Scripps professor appointed to two prestigious spots

    John Orcutt, professor of geophysics at the Scripps Institution of Oceanography, has been voted president-elect of the American Geophysical Union. He will assume the presidency of the 39,000-member organization July 1, 2004.

    “”It pleases me greatly,”” Orcutt said of the news. “”It’s a great honor to be elected for an organization with so much history. There have been some great presidents of the AGU over the course of 50 years.””

    The AGU is a nonprofit organization established in 1919 by the National Research Council. It has operated for the past 50 years as an unincorporated affiliate of the National Academy of Sciences.

    One of Orcutt’s top priorities as AGU president will be converting written forms of research to electronic publications.

    “”The AGU is more than 100 years old and it has published the results of its research on paper,”” Orcutt said. “”We’ve just made the transition to electronic form while continuing paper form, but that transition is very expensive, so selling this idea of electronic publishing is not trivial given these increased costs.””

    Orcutt also added that if the transition were to fail, it would be a disaster, because the AGU depends on income from publications to a large extent. Nevertheless, he does not foresee this to be a problem.

    Serving two terms as head of the publication’s department before being voted president-elect, Orcutt said he is very aware of the dynamics of the situation.

    “”I’ve been general secretary for four years in this organization, and what I do largely in this job is take care of the money and worry about the bottom line each year,”” Orcutt said. “”So I don’t go into the job of president without knowing that we have a lot of problems to deal with.””

    In addition to his involvement in the AGU, Orcutt acts as director of the San Diego Branch of the Institute of Geophysics and Planetary Physics.

    As for his thoughts on the future, Orcutt said he is optimistic of the possibilities in oceanography that today’s advanced technology allows.

    “”It’s really a great time for oceanography,”” Orcutt said. “”Advances in satellite communications and technology — all these things have come together at a time when it makes it remarkably practical. Technology is there and certainly the scientific need [is there] as well.””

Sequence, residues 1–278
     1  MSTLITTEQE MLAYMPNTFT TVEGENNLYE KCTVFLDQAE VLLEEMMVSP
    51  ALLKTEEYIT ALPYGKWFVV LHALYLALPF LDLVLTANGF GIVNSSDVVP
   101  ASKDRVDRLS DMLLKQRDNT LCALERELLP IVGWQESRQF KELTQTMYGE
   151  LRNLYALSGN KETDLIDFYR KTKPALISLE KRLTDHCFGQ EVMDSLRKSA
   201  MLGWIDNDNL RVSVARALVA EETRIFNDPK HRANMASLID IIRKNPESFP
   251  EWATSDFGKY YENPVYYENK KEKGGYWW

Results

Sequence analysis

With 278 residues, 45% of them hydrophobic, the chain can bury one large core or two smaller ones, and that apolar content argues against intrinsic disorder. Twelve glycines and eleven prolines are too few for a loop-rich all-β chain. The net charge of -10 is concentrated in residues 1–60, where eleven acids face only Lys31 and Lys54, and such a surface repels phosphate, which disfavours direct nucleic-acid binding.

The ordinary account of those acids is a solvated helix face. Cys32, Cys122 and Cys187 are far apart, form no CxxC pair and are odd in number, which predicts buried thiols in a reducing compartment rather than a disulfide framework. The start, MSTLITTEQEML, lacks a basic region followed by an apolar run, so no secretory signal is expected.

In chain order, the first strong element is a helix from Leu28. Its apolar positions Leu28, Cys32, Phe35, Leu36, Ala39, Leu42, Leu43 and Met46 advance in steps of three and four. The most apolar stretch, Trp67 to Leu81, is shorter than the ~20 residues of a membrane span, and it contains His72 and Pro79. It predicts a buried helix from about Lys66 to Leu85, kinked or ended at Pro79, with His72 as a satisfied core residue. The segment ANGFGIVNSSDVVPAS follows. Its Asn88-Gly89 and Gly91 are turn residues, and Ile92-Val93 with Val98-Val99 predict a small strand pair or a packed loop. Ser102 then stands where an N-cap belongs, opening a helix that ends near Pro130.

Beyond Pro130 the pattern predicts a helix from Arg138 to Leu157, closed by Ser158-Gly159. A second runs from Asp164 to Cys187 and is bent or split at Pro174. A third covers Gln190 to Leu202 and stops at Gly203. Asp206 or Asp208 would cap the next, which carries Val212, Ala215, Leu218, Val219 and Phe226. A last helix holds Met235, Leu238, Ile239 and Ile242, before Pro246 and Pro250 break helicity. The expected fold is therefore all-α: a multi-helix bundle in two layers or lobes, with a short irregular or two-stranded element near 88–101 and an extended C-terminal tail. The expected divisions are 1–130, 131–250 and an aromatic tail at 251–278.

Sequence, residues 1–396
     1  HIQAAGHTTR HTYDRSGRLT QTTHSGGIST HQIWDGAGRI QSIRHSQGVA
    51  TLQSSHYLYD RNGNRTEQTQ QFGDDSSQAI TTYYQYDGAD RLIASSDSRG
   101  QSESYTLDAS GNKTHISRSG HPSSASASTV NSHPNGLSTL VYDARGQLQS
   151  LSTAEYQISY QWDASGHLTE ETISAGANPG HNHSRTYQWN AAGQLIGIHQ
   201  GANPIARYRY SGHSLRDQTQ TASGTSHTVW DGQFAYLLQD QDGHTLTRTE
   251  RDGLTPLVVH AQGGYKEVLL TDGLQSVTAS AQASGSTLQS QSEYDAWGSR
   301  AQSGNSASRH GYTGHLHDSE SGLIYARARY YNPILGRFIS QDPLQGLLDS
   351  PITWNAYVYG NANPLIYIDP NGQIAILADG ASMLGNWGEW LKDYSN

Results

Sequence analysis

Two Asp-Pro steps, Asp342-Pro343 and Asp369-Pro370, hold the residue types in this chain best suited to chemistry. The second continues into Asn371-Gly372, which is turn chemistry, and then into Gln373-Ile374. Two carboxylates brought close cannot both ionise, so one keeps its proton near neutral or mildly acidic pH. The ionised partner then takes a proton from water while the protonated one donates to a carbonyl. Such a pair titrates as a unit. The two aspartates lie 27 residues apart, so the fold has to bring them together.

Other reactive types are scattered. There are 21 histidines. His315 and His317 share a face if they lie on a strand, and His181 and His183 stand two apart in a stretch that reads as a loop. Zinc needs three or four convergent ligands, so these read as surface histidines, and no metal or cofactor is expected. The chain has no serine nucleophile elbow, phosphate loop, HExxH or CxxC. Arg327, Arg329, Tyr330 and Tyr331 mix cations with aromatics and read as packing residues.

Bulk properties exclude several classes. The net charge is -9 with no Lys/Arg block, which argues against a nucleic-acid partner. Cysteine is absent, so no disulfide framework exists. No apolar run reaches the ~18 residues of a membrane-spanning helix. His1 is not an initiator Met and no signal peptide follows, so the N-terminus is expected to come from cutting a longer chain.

Orcutt added that many scientists would like to see permanent research sites studying the world’s oceans. He said to really understand and study them, something needs to be underwater permanently.

    Statewide director of the IGPP professor Bernard Minster said Orcutt’s being elected did not surprise him.

    “”He has an extremely distinguished record,”” Minster said. “”It was no surprise. I think he’s extremely well-respected and has the devotion of everyone at the IGPP.””

    Dr. Mark Zumberge, deputy director of the San Diego branch of the IGPP, agrees.

    “”It’s going to be very good for the AGU because he’s an excellent leader,”” Zumberge said. “”He has high standards of scientific integrity and he just sets a great example of how to be productive in the world of science.””

    Orcutt is a fellow of AGU and a member of the Seismological Society of America and Society of Exploration Geophysicists.

    In addition to serving as AGU president, Orcutt has accepted an appointment on the Scientific Advisory Panel of the U.S. Commission on Ocean Policy.

    The U.S. Commission on Ocean Policy was mandated by the Oceans Act of 2000, an act that reviews the effects of federal ocean-related laws and programs. This federal legislation requires the commission to make findings and offer recommendations for improving the structure of federal agencies involved in the world’s oceans.

    Orcutt is among 16 commissioners appointed by President George W. Bush and nominated by Congress.

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